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Filed under baby blues, daily life, emotions, hormones, infants, moms, newbie parents, newborns, post-partum, post-pregnancy

Growing Pains

I’d always thought of growing pains as something that kids experience as their bodies and brains stretch, but I’m starting to think they’re more something that parents go through as they watch the whole process.

This occurred to me the other day when I got a message from a friend who is a mommy-to-be. Turns out that her baby boy is likely to arrive a couple weeks early, so he’s probably going to be a little tinier than she and her husband were expecting and she wanted to take me up on my offer to give her some of the newborn outfits that baby already has outgrown.

A Box Full of Memories

Of course I was thrilled to help, even if it was as simple as throwing a bunch of onesies into a box and mailing them to her. But as I was putting the box together, I found myself getting a little verklempt.

Blame it on the baby blues (damn those hormones once again!), but it was somehow really sad to be packing away these little, itty bitty outfits. I found myself taking extra care in folding them, lingering a little longer on the ones that I thought looked really cute on baby. I ran my fingers one last time over the embroidered designs and pulled some of the snaps together for old times’ sake. I may have even put a couple up to my face and taken a deep breath, as if I was never going to smell baby smell again.

It was almost heartbreaking to think that even though he’s still a wee one, he’s never going to be that small again. In the matter of a few weeks, he’d grown so much. He suddenly had a past.

And then it hit me that I have a lifetime of more moments like this. My baby isn’t always going to be a baby. He’s going to be big, and then bigger, and then really big and then suddenly he’s going to be a man and then an old man. And it feels like it’s going to go by so fast that it might be easy to miss something.

When I was growing up, I don’t remember seeing parents–or at least moms–hysterical all the time over their kids. Of course, I’m sure I saw a parent or two shed a couple of quiet tears on the first day of kindergarten or at high school graduation. But with how I felt folding those oh-so-soft onesies and footie pajamas, I think I might find a reason to get misty every day (or at least every other day).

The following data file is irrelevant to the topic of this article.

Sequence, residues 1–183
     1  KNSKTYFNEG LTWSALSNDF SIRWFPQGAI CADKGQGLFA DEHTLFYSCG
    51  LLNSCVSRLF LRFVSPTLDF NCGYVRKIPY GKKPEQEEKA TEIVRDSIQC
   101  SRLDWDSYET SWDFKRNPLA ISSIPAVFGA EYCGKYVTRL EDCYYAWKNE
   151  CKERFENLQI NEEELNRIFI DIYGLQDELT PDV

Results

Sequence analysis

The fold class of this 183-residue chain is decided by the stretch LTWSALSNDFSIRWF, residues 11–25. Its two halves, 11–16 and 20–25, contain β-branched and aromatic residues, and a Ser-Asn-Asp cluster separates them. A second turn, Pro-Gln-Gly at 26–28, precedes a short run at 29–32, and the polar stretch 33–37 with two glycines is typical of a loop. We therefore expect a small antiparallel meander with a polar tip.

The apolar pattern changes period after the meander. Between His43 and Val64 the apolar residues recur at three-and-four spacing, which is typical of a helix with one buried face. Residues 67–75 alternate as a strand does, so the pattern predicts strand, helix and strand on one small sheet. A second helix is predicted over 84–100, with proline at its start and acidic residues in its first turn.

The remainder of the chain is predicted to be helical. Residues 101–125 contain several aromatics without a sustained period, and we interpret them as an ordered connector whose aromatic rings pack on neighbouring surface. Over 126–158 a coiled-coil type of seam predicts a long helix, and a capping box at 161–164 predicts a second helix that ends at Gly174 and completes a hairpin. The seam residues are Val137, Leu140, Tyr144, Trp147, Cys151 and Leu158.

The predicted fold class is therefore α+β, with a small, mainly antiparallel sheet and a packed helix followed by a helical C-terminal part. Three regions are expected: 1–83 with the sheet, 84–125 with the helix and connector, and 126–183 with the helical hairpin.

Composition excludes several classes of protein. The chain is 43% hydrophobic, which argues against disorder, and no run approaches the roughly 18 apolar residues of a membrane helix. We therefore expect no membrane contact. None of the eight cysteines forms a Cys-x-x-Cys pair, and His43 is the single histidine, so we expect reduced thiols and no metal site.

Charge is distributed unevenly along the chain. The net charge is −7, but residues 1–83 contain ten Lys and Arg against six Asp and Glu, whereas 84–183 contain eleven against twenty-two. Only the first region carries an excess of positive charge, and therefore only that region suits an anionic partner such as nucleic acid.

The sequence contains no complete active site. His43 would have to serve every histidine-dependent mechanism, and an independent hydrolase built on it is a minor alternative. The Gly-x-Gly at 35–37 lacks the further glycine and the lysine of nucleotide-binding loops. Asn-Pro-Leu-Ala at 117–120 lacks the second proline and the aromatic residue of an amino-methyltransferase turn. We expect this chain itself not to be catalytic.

Every day he’s going to learn something new, develop more personality, become a little more independent, and leave a deeper imprint on the world around him. And for as wonderful as that growth is to watch, I know part of me will be wishing there was a big pause button I could push so I could hold on just a minute longer to the really special moments that I know we’ll have.

No wonder my grandmother always carried a Kleenex in her sleeve. There are tear-worthy moments to be had every day.

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Filed under baby blues, daily life, hormones, infants, moms, newbie parents, newborns, post-partum, post-pregnancy

The Itsy Bitsy, Teeny Weeny Bikini Challenge

It’s no secret that new mommies come with new curves. But somehow it never is anything but shocking when it happens to you. One morning a few days after giving birth you wake up and you look like you could be a B-list porn star.

It’s totally weird–and a bit painful–at first. My body had totally outgrown my expectations; one day I found myself standing in front of the nursing bra selection at Target hardly believing that I could actually be searching for a D cup. (Incidentally, a 34D might be the hardest size to find on a rack. I’m not sure if its because its a popular size or a freak size, but I’ve been in four Targets and found only two bras in that flavor.) I couldn’t believe I’d reached that far into the alphabet.

But then things sort of feel like they’re under control. There’s no pain and no tightness or fullness. I was once again comfortable in my own skin–so comfortable in fact that I sort of assumed I had shrunk a half a cup size or so.

All I needed to remind me that I was dead wrong was to try on a bathing suit.

But I was feeling good enough, or rather the weather was just hot enough–it was nearing 90 degrees over the holiday weekend–that I thought maybe I’d expose my pale flab-flesh to the sun in the name of cooling off.

Well, if I thought my nursing boobs were big, trying on bikini tops confirmed they were giant. Now, I hate to look a gift horse in the mouth, but in this case the more that I had wasn’t exactly better. I tried on one top after another–I had five bathing suits on hand and then I tried one of my sister’s–only to get more and more disappointed.

If I wasn’t falling out the top, I was hanging out the bottom. Bandeau tops looked like a strip of electrical tape across my chest. Triangle tops screamed bad boob job. V-necklines were a little too plunging. There was no way I was going out in public wearing any of that; it would be horrifying to children and small animals.

I needed a solution or I was going to miss out on one of the best boating weekends of the summer.

I had a sports bra in hand as my last best option–the big, thick tan lines that I’d undoubtedly end up were not exactly appealing but neither was the possibility of being ticketed for indecent exposure–when I had an idea. Maybe one of my nursing tank tops might be able to do double duty. After all, it was hot pink and matched a set of bathing suit bottoms that I seemed to still be able to wear. So, it was settled. Nursing tank meet bathing suit and voila! I had a tankini.

Most people would probably tell me to just enjoy my new-found–and hard to miss–curves. I mean, from padded push-ups to surgical enhancement, lots of women shell out beaucoup bucks to end up with this kind of rack. But it’s hard to feel like me when I feel like I’ve got twins on a trampoline on my chest.  I guess the whole swimsuit session was a reminder that even though I’m feeling pretty back to normal, my body’s still got a mind of its own.